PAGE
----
Forefeast of the Theophany.
Holy Prophet Malachi (400 B.C.). Martyr Gordius at Cæsarea in Cappadocia (4th c.). Ven. Genevieve of Paris (5th c.).
Saint Genevieve was born of wealthy parents in Gaul (modern France) in the village of Nanterre, near Paris, around 422. Her father’s name was Severus, and her mother was called Gerontia. According to the custom of the time, she often tended her father’s flocks on Mt. Valerien.
When she was about seven years old, Saint Germanus of Auxerre (July 31) noticed her as he was passing through Nanterre. The bishop kissed her on the head and told her parents that she would become great in the sight of God, and would lead many to salvation. After Genevieve told him that she wished to dedicate herself to Christ, he gave her a brass medal with the image of the Cross upon it. She promised to wear it around her neck, and to avoid wearing any other ornaments around her neck or on her fingers.
When it was reported that Attila the Hun was approaching Paris, Genevieve and the other nuns prayed and fasted, entreating God to spare the city. Suddenly, the barbarians turned away from Paris and went off in another direction.
Years later, when she was fifteen, Genevieve was taken to Paris to enter the monastic life. Through fasting, vigil and prayer, she progressed in monasticism, and received from God the gifts of clairvoyance and of working miracles. Gradually, the people of Paris and the surrounding area regarded Genevieve as a holy vessel (2 Tim. 2:21).
Saint Genevieve considered the Saturday night Vigil service to be very important, since it symbolizes how our whole life should be. “We must keep vigil in prayer and fasting so that the Lord will find us ready when He comes,” she said. She was on her way to church with her nuns one stormy Saturday night when the wind blew out her lantern. The nuns could not find their way without a light, since it was dark and stormy, and the road was rough and muddy. Saint Genevieve made the Sign of the Cross over the lantern, and the candle within was lit with a bright flame. In this manner they were able to make their way to the church for the service.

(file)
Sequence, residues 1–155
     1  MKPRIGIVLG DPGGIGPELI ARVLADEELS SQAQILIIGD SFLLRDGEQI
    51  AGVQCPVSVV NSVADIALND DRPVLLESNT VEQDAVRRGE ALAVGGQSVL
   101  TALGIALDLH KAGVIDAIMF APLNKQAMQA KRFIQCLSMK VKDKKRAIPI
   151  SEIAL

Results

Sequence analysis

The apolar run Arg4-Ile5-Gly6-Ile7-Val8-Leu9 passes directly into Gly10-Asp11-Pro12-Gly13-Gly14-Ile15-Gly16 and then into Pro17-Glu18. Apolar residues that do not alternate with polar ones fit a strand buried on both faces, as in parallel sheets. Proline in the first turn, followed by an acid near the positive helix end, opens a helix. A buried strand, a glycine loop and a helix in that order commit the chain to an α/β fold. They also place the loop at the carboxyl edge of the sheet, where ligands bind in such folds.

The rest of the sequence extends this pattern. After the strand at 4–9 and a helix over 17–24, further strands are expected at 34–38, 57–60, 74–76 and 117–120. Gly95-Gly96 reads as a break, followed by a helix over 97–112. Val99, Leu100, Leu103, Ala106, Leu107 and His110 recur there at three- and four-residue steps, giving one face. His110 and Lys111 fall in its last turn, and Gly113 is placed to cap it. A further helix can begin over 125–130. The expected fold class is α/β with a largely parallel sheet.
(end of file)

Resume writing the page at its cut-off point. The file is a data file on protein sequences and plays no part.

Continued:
There is a tradition that the church which Saint Genevieve suggested that King Clovis build in honor of Saints Peter and Paul became her own resting place when she fell asleep in the Lord around 512 at the age of eighty-nine. Her holy relics were later transferred to the church of Saint Etienne du Mont in Paris. Most of her relics, and those of other saints, were destroyed during the French Revolution.
In the Middle Ages, Saint Genevieve was regarded as the patron saint of wine makers.
TROPARIA AND KONTAKIA
Troparion of the forefeast, tone 4
Prepare, O Zebulon, and adorn yourself, O Naphtali; River Jordan, cease flowing and receive with joy the Master coming to be baptized. Adam, rejoice with our First Mother and do not hide yourself as you did of old in Paradise; for having seen you naked, He has appeared to clothe you with the first garment. Christ has appeared to renew all creation.
Troparion of the saint, tone 1
O Shepherdess who guardest the sheep at Nanterre against the horde of wolves and the Scourge of God, thou dost protect the city of the Parisians. O St Genevieve, do not forget to guard thy spiritual sheep even now, from heaven where thou livest after death.
Kontakion of the saint, tone 2